The region of North-Western Doñana is a key recharge area for the Doñana marshlands, one of the most important wetlands in Europe. In this region, the balance between a traditional economy compatible with environmental conservation has been altered significantly as a result of a disruptive change: the development of intensive agriculture of red berries –locally known as the ‘red gold’-. The paper shows how a methodology based on remote sensing and GIS can provide a practical tool to identify and quantify intensive crops and especially, to determine their legal status. The paper describes this as an example of “geographic forensic science” for water governance, understood as a systematic method to gather and examine information on the territorial changes and events in the past with aim to use this information in law enforcement. The analysis shows how geospatial techniques can become an accessible and powerful tool for monitoring water abstractions and land use changes (public accountability), and to raise public participation and transparency, three key principles to advance towards a ‘lighter side’ of governance. Keywords: Forensic science, remote sensing, GIS, legal use of water, intensive agriculture.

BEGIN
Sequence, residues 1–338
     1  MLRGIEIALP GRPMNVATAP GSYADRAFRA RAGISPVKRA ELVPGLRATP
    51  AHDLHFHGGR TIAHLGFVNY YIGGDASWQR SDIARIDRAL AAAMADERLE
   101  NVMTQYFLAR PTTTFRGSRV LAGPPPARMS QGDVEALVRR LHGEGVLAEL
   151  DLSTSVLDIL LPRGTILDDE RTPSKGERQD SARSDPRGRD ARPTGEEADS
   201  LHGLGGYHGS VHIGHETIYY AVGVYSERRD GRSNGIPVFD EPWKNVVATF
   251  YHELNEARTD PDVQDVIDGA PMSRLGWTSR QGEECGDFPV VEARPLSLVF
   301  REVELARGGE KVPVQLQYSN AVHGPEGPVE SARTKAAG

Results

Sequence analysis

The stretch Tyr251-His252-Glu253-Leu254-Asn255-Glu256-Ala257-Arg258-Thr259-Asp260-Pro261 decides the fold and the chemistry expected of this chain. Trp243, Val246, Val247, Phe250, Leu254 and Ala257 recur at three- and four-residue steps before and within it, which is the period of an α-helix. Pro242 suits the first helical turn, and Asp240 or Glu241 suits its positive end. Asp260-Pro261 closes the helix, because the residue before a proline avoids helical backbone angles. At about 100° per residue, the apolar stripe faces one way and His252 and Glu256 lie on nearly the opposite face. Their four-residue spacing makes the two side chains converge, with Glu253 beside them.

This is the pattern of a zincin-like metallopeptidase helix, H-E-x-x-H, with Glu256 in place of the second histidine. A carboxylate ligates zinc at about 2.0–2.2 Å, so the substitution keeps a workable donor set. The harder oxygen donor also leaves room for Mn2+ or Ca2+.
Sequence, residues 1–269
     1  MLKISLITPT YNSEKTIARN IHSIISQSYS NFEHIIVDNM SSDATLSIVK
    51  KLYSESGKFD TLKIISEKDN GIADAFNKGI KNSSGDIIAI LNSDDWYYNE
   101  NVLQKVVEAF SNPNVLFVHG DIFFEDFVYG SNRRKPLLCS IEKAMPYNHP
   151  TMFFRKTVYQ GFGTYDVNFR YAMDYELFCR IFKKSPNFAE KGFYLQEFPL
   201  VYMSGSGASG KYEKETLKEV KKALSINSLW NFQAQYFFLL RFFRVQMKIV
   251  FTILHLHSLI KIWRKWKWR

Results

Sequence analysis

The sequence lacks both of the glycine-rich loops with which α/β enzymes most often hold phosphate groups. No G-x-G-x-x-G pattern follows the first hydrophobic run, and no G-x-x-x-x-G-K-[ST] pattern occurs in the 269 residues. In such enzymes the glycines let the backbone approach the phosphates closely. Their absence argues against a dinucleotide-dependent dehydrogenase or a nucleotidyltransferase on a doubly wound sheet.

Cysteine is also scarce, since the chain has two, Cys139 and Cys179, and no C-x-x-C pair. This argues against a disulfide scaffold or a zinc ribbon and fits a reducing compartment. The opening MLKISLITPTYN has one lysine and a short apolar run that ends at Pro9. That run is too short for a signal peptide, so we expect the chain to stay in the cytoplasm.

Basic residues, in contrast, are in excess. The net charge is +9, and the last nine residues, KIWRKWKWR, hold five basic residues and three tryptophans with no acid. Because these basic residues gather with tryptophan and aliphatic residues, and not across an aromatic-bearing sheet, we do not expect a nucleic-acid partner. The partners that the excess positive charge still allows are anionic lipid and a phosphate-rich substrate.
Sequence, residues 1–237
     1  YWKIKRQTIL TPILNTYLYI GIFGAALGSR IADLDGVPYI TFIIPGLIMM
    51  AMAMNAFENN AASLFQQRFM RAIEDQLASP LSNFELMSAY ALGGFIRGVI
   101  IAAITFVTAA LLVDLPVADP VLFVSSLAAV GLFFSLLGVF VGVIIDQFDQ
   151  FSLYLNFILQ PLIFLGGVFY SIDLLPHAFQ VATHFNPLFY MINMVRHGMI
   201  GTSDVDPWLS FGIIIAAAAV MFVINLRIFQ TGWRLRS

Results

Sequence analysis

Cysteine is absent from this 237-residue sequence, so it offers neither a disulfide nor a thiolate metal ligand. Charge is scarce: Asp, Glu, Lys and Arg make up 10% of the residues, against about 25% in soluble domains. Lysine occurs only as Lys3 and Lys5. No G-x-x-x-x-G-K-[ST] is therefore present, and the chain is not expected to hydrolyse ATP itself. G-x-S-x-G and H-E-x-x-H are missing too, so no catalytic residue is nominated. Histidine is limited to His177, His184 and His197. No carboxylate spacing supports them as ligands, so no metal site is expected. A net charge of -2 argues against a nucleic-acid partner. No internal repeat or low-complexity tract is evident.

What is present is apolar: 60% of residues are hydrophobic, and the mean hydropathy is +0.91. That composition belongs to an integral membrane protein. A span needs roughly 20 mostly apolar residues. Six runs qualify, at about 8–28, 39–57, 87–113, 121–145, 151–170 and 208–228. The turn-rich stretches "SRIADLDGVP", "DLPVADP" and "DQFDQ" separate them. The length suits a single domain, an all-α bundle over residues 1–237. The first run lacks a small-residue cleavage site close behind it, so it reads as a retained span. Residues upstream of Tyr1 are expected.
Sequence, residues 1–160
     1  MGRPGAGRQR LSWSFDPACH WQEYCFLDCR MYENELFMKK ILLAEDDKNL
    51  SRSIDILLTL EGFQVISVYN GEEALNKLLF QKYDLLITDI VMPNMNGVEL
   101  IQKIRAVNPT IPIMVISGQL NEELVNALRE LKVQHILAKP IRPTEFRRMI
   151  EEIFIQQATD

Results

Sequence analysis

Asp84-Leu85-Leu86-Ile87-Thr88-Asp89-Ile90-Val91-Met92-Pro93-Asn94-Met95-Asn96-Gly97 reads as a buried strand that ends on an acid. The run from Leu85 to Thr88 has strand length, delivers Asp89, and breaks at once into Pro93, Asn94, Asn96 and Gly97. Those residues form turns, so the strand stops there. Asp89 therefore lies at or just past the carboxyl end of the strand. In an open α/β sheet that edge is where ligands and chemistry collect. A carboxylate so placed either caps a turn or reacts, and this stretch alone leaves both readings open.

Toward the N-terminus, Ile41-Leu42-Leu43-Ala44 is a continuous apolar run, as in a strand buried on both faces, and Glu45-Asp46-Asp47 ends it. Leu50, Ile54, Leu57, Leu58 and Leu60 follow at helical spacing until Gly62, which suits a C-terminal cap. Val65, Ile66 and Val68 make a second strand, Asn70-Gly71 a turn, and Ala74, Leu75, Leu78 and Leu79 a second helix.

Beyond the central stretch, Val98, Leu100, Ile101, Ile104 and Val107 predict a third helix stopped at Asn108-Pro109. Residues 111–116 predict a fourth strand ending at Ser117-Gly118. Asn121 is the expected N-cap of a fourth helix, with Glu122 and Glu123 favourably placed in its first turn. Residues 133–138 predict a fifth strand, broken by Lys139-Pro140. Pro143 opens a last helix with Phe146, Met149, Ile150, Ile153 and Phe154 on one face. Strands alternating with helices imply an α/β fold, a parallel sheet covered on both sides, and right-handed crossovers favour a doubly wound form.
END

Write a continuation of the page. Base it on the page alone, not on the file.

International Journal of Water Governance

Martíneza, M.B, Lopez-Gunn, E, & Del Caño, L.V. (2014). Forensic water governance? Analyzing land and water use changes in North-Western Doñana (Spain). International Journal of Water Governance, 2014(2-3), 133–152. doi:10.7564/14-IJWG62